Sunday's day-long drizzle may have been the bad news, but the good news is the cooler and drier air it ushered in.
A cold front moved through the Panhandle on Sunday night, heralding today's brisk, fall-like weather.
The high today is expected to be in the mid-70s, with the humidity at less than 50 percent.
"This is what brings people back from Michigan and New York," said meteorologist Ron Humble at the National Weather Service station in Ruskin.
The cooler weather we're experiencing today is right on schedule. The rainy season generally ends around the end of September. Any precipitation we experience now tends to be a precursor to a cold front, meteorologists say.
"We start getting away from the conditions that give summer-type thunderstorms, with cold fronts moving through every five to 10 days," Humble said.
A slow warming trend is expected, with highs getting back into the 80s within the next few days, but no rain is expected again until at least Thursday, forecasters say.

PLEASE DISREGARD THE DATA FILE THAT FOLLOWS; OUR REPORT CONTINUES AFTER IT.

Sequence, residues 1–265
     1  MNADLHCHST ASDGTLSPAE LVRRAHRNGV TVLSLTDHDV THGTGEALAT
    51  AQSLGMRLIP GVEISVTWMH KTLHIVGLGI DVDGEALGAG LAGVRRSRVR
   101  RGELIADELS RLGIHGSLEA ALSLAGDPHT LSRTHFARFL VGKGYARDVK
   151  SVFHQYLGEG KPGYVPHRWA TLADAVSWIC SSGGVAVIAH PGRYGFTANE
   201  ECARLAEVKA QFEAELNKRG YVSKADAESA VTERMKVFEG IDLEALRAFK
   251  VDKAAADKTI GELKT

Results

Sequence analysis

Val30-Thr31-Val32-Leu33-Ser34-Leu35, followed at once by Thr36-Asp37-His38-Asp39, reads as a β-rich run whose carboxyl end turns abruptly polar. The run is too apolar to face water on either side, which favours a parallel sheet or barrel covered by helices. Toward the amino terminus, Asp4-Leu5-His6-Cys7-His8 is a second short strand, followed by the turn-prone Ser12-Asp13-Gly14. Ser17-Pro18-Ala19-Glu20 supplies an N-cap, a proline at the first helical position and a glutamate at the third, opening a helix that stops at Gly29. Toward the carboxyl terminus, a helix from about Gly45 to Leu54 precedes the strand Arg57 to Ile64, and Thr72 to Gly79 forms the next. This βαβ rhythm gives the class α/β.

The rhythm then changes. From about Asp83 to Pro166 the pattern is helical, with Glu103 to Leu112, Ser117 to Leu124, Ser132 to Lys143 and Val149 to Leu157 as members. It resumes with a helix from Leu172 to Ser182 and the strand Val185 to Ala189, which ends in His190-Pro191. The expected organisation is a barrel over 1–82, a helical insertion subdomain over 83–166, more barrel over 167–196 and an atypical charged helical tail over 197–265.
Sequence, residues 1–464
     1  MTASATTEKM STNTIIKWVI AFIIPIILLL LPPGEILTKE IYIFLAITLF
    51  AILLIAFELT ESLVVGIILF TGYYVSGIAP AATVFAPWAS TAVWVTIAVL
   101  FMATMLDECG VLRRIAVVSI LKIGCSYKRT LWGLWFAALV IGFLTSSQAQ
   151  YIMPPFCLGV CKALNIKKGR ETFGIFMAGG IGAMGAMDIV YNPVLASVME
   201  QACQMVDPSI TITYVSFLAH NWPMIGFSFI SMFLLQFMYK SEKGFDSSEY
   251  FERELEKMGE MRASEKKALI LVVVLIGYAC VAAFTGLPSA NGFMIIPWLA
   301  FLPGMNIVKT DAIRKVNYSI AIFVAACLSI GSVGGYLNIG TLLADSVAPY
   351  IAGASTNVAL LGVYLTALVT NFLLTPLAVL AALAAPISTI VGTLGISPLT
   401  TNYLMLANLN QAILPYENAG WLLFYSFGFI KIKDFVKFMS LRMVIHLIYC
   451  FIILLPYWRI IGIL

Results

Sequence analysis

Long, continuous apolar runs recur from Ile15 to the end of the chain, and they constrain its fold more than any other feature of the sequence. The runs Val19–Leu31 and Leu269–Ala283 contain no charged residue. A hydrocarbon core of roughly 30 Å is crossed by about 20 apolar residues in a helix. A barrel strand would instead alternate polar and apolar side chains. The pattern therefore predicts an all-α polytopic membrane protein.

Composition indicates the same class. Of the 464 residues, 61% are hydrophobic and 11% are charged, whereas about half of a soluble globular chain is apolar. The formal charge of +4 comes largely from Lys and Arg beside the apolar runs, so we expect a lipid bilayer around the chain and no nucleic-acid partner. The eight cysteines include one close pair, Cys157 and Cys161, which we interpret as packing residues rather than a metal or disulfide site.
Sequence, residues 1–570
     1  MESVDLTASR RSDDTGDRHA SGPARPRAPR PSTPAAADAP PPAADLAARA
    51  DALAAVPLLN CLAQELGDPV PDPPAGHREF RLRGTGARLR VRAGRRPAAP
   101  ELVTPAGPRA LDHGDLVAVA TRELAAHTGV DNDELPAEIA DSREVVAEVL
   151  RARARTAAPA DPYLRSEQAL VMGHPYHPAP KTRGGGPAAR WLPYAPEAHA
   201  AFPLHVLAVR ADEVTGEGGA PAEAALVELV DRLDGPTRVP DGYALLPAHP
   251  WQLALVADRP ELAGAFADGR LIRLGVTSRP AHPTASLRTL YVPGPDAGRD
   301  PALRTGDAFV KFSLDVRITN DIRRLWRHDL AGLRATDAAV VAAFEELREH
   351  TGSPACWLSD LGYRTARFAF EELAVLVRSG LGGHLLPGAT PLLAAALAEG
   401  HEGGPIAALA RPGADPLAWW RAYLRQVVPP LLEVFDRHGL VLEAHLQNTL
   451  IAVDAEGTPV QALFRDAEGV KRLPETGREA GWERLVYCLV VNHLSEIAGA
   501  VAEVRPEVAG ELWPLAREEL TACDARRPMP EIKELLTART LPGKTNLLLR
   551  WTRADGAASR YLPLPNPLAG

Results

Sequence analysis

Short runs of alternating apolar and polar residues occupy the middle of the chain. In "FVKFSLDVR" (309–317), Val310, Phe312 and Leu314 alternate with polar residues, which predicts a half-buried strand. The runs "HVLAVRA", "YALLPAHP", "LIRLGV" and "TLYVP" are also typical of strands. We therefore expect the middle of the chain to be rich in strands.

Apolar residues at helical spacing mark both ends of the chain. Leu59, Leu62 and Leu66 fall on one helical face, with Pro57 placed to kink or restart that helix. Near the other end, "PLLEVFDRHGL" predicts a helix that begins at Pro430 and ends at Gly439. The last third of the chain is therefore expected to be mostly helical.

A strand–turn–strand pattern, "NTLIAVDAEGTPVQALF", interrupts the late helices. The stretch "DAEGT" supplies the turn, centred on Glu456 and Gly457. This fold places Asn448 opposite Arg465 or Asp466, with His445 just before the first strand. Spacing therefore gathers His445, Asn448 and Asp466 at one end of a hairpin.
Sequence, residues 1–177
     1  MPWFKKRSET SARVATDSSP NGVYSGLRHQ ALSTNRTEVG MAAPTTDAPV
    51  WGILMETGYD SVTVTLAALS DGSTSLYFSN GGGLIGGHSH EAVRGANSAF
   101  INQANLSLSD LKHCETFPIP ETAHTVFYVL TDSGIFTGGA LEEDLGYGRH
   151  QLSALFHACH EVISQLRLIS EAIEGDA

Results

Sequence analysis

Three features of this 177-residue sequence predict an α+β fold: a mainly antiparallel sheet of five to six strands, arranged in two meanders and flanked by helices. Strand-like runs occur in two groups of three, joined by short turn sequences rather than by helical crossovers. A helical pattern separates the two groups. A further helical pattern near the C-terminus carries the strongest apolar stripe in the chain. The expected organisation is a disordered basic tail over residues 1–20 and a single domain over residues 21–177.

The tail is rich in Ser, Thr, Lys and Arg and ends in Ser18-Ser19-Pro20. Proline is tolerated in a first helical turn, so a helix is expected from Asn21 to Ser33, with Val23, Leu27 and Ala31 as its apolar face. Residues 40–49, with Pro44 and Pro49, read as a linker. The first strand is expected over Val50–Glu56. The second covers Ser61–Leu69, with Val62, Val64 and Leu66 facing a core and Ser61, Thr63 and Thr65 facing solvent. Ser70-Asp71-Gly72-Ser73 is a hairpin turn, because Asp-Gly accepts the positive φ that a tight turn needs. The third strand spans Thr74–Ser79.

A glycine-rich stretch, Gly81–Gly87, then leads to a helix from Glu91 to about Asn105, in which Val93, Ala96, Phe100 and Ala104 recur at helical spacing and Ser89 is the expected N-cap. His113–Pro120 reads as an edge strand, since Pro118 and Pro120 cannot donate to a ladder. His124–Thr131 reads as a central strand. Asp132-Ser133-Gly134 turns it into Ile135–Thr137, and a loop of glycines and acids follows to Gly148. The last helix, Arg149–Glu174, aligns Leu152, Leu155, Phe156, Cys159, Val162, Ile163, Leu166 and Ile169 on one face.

It's unlikely, however, that the mercury will get back up into the 90s until next summer. And it also is unlikely that the bay area will experience, anytime soon, the kind of rainfall needed to keep the aquifer at optimum levels. That's because the daily pattern of afternoon showers and storms is critical to the replenishment of underground water supplies depleted during the winter.
Groundwater levels have been depressed because of rainfall amounts in the past four years that have been among the lowest in the 77 years records have been kept, officials with the Southwest Florida Water Management District say.
In all, in the past four years Hillsborough, Pinellas and Pasco counties have received only about 75 percent of their annual average rainfall amounts, officials said.
_ Information from Times files was used in this report.